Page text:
Saturday, May 7, 2011

Monsters And Brothers - Thoughts on the Death of Osama bin Laden

Osama bin Laden is dead.

A simple statement.  The new reality. 

Osama bin Laden is dead.  The boogie man is no more. 

Who was Osama bin Laden and how can I react?  Was he a monster as so many believe?

There are several sorts of monsters.  Some live in the dark.  You know the type.  They hide in the closet or under your bed – or in the deepest recesses of your mind – until the lights are turned off.  Then you must protect yourself by pulling the covers up over your head and lying very, very still.  These monsters disappear you pull the covers away and confront them directly and you find they were nothing more than creations of your own mind.

Not all monsters are imaginary, though.  They are there, obvious, unavoidable, all too visible.  They have names like Aurangzeb, Adolf Hitler, Pol Pot.   They do their deeds openly, for all to see, apparently without conscience or caring.  These are the ones who run roughshod over the values that we as humans treasure, lacking compassion, seemingly finding pleasure tormenting those with whom they share they earth.  On a smaller scale, we call them bullies.  They torment those who are weaker than they, unable to defend themseves. Their deeds are malicious, finding joy in the suffering of others.  They are murderers of the spirits of others and sometimes murderers of the body, as well.    

Then there are the monsters who are invisible, living among us, unseen.  Child molesters and rapists not yet caught, undiscovered  serial murderers, corrupt and dangerous politicians and cops, more that you can add to the list.  These monsters, unlike the first type are real and they know who they are.  I do not know whether they choose to be monsters or are forced by some inner compulsion  to do their evil deeds.

There is another type of monster, the kind that has no idea that s/he is a monster at all.  The next door neighbour who hates Hindus or Christians or Muslims or Sikhs or Jews is a very naive sort of monster. Perhaps the hatred is directed at black people or  brown people or yellow people or pink (white) people.  (Those called “red” are really brown.)  Maybe the prejudice is aimed at girl children and women, or at men.  Then, of course, there are the xenophobes, those who hate foreigners or indeed strangers of any sort.    For my readers specifically of Indian background, I would include caste prejudice in this unsavoury list.  I suspect that more of us are this sort of monster than would care to admit it.  Perhaps, even I sometimes am a naive monster.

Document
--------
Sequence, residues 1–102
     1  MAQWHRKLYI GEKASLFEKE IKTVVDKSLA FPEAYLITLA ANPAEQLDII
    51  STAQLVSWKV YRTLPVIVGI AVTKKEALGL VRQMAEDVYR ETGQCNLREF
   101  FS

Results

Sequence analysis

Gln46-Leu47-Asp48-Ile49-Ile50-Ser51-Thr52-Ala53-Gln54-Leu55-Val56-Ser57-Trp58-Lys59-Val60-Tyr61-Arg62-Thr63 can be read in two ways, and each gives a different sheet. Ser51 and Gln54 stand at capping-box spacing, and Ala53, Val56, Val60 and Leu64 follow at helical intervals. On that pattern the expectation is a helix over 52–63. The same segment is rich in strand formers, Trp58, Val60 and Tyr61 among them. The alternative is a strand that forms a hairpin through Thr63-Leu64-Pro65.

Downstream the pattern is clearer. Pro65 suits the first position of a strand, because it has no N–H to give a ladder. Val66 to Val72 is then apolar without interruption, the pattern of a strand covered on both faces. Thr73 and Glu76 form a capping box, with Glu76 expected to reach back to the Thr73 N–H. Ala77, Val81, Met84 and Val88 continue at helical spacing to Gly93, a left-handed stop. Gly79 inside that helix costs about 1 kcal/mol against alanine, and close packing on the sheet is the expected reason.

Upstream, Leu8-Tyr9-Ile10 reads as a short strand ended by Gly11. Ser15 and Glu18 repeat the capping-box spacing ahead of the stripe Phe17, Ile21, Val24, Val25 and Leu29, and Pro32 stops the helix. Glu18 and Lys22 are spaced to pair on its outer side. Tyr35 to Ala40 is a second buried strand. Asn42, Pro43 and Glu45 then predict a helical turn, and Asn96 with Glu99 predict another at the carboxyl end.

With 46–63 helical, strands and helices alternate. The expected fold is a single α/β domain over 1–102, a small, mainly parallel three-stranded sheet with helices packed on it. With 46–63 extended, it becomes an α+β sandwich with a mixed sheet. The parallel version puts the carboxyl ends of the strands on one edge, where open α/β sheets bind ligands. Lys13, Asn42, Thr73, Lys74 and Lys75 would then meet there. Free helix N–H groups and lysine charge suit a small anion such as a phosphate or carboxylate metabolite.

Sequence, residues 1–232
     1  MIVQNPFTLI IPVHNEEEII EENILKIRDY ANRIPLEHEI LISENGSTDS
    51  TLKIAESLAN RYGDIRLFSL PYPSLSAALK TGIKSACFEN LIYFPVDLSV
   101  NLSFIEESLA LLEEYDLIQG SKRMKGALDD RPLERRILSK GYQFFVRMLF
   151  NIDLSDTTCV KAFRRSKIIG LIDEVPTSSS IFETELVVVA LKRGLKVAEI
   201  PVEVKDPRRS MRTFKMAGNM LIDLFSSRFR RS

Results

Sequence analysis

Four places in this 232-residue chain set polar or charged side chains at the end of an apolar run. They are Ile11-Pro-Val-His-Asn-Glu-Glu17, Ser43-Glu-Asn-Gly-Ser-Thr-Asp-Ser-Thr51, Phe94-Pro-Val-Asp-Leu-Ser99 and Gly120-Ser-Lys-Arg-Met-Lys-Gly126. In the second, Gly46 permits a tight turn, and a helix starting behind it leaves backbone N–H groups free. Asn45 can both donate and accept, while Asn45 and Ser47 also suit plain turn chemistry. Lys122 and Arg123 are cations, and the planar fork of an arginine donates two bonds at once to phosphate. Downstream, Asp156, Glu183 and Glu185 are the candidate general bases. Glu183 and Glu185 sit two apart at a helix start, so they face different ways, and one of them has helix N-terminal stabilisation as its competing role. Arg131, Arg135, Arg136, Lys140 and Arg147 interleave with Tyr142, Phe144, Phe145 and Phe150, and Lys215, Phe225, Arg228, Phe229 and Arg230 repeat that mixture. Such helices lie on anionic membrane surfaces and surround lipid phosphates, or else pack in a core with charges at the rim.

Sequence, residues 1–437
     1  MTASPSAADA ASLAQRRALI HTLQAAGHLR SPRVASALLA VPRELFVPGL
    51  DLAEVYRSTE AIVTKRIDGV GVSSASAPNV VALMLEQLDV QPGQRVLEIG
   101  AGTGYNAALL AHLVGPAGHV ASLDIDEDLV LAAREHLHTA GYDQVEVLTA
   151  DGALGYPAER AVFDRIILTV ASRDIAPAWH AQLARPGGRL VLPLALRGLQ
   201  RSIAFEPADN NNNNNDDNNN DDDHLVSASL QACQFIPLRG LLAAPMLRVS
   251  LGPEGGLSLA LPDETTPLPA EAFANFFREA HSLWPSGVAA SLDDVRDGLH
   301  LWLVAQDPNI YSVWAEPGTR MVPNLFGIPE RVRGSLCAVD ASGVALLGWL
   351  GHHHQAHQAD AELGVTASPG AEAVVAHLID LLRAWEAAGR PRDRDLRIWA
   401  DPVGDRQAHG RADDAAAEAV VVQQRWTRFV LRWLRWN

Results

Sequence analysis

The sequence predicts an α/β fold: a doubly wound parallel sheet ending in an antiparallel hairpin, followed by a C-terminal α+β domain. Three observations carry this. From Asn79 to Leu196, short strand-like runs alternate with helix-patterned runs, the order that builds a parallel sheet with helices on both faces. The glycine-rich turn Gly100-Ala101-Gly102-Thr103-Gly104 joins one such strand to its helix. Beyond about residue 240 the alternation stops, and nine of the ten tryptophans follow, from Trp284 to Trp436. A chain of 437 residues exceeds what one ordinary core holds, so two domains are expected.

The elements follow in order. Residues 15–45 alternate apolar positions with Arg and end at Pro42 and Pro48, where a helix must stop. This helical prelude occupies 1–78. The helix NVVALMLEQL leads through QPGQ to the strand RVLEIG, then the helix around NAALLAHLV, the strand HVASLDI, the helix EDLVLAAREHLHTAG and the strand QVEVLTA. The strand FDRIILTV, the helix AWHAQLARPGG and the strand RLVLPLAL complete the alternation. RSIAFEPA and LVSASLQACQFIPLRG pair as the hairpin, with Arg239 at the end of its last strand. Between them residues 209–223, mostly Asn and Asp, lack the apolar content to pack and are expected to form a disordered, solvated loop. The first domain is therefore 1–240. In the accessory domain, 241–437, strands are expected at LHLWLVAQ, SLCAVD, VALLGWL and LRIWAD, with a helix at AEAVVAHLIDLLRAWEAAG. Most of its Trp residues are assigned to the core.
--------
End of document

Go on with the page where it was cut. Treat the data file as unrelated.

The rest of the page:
It is possible for the naive monster to act on her/his prejudices and become a full-blown bigot and a genuine, visible monster.

Then there is the monster who so deeply believes in a cause that s/he will do whatever is necessary to realise that cause.  No matter if civilians are killed by accidents (collateral damage) or on purpose (terrorism).   No matter the damage done because the cause is all.  The end justifies the means.  Was Osama bin Laden this sort of monster?

Or was he the worst sort, the most evil who cynically leads others in a cause – perhaps for power and glory – that he himself had ceased to believe in or had never believed in?

I have no way of knowing which of these monsters he was.

Or perhaps he wasn’t a monster at all.  Perhaps he was a soul who got lost in the swirling changing mass of stuff around us that we call the World or Maya. 

Whatever he was I am not sorry he is dead.  He was a scumbag and I think the world is better off without him.  My entire being, however, is repelled at public celebrations of his death.  I understand them.  I myself felt like celebrating when Indira Gandhi was killed.  I did not celebrate, but that might have been simply because circumstances prevented it.   I was wrong then, as people celebrating now are wrong now. 

However evil and vile his deeds, are we just mouthing platitudes when we say all people are children of the same Parent, whatever name you personally use for the Creator?   I have lost a brother.  A brother who did evil deeds, a brother I am glad to be rid of, a brother I did not love, but a brother nevertheless.   It is at times like this that I find it necessary to deeply examine my own beliefs and I find myself not without hypocrisy.  I know that Indira Gandhi is my sister, but I am not yet ready to feel it. 

John Donne’s immortal lines, which I have heard no one quote at this time, come to my mind.

No man is an island entire of itself; every man 
is a piece of the continent, a part of the main; 
if a clod be washed away by the sea, Europe 
is the less, as well as if a promontory were, as 
well as a manor of thy friends or of thine 
own were; any man's death diminishes me, 
because I am involved in mankind. 
And therefore never send to know for whom 
the bell tolls; it tolls for thee.

I must ask myself how does the death of this man, Osama bin Laden, diminish me.  I am not yet able to answer this.


Repoublished from The Road To Khalistan

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